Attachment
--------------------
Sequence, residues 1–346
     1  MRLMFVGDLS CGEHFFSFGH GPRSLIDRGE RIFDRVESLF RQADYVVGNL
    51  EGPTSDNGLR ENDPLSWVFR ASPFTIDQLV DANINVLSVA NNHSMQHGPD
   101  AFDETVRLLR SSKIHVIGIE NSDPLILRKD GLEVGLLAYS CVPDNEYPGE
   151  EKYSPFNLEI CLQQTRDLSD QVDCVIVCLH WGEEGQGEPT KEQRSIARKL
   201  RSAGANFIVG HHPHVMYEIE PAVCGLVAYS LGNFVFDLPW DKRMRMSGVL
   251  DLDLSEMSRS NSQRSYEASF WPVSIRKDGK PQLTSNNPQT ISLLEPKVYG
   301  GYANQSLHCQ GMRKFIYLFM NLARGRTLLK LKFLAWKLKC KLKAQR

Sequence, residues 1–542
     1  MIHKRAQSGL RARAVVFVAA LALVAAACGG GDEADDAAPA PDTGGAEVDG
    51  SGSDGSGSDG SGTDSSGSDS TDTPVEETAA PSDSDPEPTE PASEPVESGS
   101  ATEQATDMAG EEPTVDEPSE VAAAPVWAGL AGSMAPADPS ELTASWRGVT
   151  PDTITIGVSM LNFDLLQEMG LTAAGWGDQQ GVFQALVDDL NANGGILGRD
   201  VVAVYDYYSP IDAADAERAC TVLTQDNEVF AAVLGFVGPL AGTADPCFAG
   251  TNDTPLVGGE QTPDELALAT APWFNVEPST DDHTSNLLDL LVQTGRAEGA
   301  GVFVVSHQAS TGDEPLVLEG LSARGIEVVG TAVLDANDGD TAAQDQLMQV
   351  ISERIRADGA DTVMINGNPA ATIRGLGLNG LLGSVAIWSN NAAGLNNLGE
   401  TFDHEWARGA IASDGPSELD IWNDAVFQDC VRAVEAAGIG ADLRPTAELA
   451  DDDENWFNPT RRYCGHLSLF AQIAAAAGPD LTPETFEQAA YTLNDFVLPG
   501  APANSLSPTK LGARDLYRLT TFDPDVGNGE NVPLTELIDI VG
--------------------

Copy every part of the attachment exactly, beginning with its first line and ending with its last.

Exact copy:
Sequence, residues 1–346
     1  MRLMFVGDLS CGEHFFSFGH GPRSLIDRGE RIFDRVESLF RQADYVVGNL
    51  EGPTSDNGLR ENDPLSWVFR ASPFTIDQLV DANINVLSVA NNHSMQHGPD
   101  AFDETVRLLR SSKIHVIGIE NSDPLILRKD GLEVGLLAYS CVPDNEYPGE
   151  EKYSPFNLEI CLQQTRDLSD QVDCVIVCLH WGEEGQGEPT KEQRSIARKL
   201  RSAGANFIVG HHPHVMYEIE PAVCGLVAYS LGNFVFDLPW DKRMRMSGVL
   251  DLDLSEMSRS NSQRSYEASF WPVSIRKDGK PQLTSNNPQT ISLLEPKVYG
   301  GYANQSLHCQ GMRKFIYLFM NLARGRTLLK LKFLAWKLKC KLKAQR

Sequence, residues 1–542
     1  MIHKRAQSGL RARAVVFVAA LALVAAACGG GDEADDAAPA PDTGGAEVDG
    51  SGSDGSGSDG SGTDSSGSDS TDTPVEETAA PSDSDPEPTE PASEPVESGS
   101  ATEQATDMAG EEPTVDEPSE VAAAPVWAGL AGSMAPADPS ELTASWRGVT
   151  PDTITIGVSM LNFDLLQEMG LTAAGWGDQQ GVFQALVDDL NANGGILGRD
   201  VVAVYDYYSP IDAADAERAC TVLTQDNEVF AAVLGFVGPL AGTADPCFAG
   251  TNDTPLVGGE QTPDELALAT APWFNVEPST DDHTSNLLDL LVQTGRAEGA
   301  GVFVVSHQAS TGDEPLVLEG LSARGIEVVG TAVLDANDGD TAAQDQLMQV
   351  ISERIRADGA DTVMINGNPA ATIRGLGLNG LLGSVAIWSN NAAGLNNLGE
   401  TFDHEWARGA IASDGPSELD IWNDAVFQDC VRAVEAAGIG ADLRPTAELA
   451  DDDENWFNPT RRYCGHLSLF AQIAAAAGPD LTPETFEQAA YTLNDFVLPG
   501  APANSLSPTK LGARDLYRLT TFDPDVGNGE NVPLTELIDI VG